Germany’s 10-year bonds advanced for the first month since July after a report showed the jobless rate in the euro area climbed to a record in October, indicating the region is struggling to boost growth.
Austrian and Belgian 10-year yields fell, extending records for a third day, as separate data showed inflation in the common-currency region slowed for a second month in November. Spanish 10-year bonds posted a third monthly gain after a Greek aid agreement this week helped push yields to the lowest since March yesterday. The benchmark German bund yield was four basis points from its lowest since Nov. 20.
“The announcements we’ve had on the euro zone have been relatively constructive but at the same time there’s evidence that the economic situation is deteriorating,” said Patrick Jacq, a senior fixed-income strategist at BNP Paribas SA in Paris. “This is dragging core yields down,” he said, referring to the region’s highest-rated securities.
The German 10-year yield rose two basis points, or 0.02 percentage point, to 1.39 percent at 4:41 p.m. London time, set for a seven basis-point slide since the end of October. It reached 1.35 percent two days ago, the lowest since Nov. 20. The 1.5 percent bond due September 2022 lost 0.18, or 1.80 euros per 1,000-euro ($1,300) face amount, to 101.03.
Ten-year bund yields may fall toward 1.20 percent in the first quarter of 2013, Jacq said.
German securities climbed this week as reports signaling Europe’s recession is deepening countered finance ministers’ Nov. 27 agreement to ease the terms of Greece’s bailout.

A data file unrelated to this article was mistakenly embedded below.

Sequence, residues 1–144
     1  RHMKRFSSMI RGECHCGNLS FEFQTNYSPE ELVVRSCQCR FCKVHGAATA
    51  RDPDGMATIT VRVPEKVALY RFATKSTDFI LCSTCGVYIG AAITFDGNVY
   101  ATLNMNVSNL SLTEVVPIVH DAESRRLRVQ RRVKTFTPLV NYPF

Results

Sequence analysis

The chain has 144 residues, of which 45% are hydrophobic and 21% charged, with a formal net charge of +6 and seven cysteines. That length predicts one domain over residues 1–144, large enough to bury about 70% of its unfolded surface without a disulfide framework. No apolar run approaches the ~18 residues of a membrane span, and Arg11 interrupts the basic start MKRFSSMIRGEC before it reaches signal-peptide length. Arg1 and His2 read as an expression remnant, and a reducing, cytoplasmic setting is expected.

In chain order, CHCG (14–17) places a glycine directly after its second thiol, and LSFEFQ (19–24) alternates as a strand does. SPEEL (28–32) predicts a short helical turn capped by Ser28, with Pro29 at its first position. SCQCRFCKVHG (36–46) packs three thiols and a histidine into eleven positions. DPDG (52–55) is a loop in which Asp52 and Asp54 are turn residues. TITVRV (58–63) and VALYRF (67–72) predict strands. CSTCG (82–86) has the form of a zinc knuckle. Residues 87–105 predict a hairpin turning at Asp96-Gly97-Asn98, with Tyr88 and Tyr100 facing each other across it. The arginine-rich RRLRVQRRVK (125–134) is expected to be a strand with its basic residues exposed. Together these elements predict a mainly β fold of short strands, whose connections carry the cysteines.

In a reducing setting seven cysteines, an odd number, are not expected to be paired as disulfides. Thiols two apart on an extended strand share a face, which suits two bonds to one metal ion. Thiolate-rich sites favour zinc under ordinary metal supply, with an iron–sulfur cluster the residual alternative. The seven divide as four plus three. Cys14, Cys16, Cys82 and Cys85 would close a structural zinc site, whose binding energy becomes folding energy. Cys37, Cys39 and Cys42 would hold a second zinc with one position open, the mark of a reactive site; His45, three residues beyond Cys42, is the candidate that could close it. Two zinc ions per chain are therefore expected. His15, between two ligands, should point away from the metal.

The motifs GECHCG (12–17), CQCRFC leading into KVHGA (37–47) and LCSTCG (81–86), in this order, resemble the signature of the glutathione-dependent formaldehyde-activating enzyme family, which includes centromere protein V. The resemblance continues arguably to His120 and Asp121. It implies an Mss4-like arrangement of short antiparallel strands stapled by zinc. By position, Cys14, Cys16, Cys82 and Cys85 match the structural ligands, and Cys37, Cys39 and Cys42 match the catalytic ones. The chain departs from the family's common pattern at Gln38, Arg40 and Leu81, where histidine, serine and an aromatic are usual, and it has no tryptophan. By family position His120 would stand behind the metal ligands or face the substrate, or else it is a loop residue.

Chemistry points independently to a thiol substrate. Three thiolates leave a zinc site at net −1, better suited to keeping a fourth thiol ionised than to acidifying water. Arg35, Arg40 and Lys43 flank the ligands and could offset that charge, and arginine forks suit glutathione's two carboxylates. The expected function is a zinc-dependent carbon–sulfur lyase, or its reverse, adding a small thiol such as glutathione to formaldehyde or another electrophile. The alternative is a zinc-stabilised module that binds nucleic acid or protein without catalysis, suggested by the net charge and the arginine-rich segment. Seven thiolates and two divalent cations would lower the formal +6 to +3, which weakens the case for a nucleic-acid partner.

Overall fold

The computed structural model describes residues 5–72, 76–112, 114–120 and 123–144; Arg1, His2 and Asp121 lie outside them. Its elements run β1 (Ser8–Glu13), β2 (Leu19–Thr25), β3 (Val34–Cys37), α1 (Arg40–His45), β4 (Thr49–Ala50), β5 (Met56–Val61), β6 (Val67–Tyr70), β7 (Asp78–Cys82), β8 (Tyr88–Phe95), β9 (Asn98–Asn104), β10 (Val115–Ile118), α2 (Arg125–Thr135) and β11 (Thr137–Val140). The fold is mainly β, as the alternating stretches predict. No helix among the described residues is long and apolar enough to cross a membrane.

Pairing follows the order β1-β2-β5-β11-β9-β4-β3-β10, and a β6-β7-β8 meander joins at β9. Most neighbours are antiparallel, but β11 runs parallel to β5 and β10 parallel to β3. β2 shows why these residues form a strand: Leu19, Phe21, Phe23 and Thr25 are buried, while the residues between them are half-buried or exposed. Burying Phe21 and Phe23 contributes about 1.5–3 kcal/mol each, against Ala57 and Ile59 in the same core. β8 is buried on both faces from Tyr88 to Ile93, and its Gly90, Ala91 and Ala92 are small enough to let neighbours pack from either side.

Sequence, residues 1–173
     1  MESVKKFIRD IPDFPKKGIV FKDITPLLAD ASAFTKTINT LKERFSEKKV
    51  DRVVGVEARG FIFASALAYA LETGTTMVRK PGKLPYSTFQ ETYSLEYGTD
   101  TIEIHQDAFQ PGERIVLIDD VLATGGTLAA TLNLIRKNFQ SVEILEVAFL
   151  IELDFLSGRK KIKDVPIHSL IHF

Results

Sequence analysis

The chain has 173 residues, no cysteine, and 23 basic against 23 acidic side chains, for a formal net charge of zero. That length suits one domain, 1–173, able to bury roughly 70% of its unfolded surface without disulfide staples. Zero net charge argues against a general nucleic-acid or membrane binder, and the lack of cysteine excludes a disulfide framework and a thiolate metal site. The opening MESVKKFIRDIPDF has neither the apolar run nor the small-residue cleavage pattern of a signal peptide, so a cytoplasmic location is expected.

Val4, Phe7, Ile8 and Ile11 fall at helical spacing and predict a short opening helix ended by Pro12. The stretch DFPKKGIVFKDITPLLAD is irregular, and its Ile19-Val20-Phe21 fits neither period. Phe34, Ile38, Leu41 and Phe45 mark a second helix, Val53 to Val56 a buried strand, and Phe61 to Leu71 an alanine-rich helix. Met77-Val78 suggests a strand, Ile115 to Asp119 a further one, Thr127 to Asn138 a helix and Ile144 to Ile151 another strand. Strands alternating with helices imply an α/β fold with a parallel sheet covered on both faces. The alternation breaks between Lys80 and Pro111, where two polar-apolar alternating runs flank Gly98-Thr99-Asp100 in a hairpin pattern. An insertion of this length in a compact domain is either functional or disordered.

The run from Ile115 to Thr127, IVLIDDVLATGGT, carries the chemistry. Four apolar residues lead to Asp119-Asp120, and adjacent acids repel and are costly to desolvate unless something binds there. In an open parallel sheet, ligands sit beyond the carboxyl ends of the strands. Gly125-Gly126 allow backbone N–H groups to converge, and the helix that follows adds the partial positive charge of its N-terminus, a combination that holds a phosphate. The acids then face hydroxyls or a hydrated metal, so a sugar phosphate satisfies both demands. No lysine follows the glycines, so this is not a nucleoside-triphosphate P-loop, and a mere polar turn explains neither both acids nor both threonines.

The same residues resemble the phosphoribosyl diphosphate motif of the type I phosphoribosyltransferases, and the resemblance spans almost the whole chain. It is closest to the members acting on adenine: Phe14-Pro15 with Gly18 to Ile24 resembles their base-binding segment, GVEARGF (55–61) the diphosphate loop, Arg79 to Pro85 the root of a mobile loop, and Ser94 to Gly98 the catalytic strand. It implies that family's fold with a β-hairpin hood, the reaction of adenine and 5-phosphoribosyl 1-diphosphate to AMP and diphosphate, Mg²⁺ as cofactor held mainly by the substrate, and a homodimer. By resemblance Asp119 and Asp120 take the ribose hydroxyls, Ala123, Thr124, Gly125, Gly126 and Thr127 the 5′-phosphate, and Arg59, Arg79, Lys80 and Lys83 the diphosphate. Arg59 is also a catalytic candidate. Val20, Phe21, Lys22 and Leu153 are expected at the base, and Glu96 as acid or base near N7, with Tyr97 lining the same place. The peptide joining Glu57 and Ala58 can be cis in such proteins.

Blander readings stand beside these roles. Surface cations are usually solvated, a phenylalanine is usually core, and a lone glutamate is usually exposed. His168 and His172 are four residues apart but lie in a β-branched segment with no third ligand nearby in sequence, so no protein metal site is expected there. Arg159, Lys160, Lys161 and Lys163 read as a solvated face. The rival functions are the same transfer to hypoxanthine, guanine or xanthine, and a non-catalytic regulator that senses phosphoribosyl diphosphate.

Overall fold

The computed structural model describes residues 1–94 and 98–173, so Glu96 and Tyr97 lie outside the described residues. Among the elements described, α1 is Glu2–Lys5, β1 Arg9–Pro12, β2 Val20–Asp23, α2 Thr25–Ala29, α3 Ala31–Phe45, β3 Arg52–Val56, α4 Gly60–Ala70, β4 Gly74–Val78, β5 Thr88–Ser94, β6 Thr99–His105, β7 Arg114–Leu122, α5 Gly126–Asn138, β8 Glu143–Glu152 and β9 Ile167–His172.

Unemployment in the 17-nation region rose to 11.7 percent from 11.6 percent in September, the European Union’s statistics office in Luxembourg said today. The inflation rate fell to 2.2 percent from 2.5 percent in October. That’s less than the median forecast of 2.4 percent in a Bloomberg News survey of 38 economists.
Spanish 10-year bond yields fell three basis points to 5.31 percent today, having dropped 30 basis points this month and yesterday touching the lowest level since March 20. The rate earlier climbed as much as seven basis points to 5.41 percent.
“An ongoing drip feed of negative macro data certainly is a potential trigger” for investors to sell Spanish bonds, said Richard McGuire, a senior rates strategist at Rabobank International in London.
Similar-maturity Italian bond yields fell six basis points to 4.50 percent. They dropped to 4.47 percent yesterday, the least in almost two years.
Austria’s 10-year rate reached 1.732 percent and Belgium’s fell to 2.15 percent, the lowest levels since Bloomberg began collecting the data in 1993.
“In the core countries, the Austrias, the Belgiums, there’s not that much juice left to be squeezed out of those oranges,” Andrew Bosomworth, managing director at Pimco, which runs the world’s biggest bond fund, told Mark Barton on Bloomberg Television’s “Countdown” in Frankfurt.
Volatility on Greek bonds was the highest in developed markets today, followed by those of Switzerland, according to measures of 10-year or equivalent-maturity debt, the spread between two- and 10-year securities, and credit default swaps.
The rate on Greek debt due February 2023 fell 19 basis points to 16.129 percent, with the price rising to 35.275 percent of face value.
German bonds returned 3.8 percent this year through yesterday, according to indexes compiled by Bloomberg and the European Federation of Financial Analysts Societies. Spanish debt gained 5.1 percent and Italy’s earned 20 percent.
To contact the reporters on this story: Lucy Meakin in London at email@example.com; Lukanyo Mnyanda in Edinburgh at firstname.lastname@example.org
To contact the editor responsible for this story: Paul Dobson at email@example.com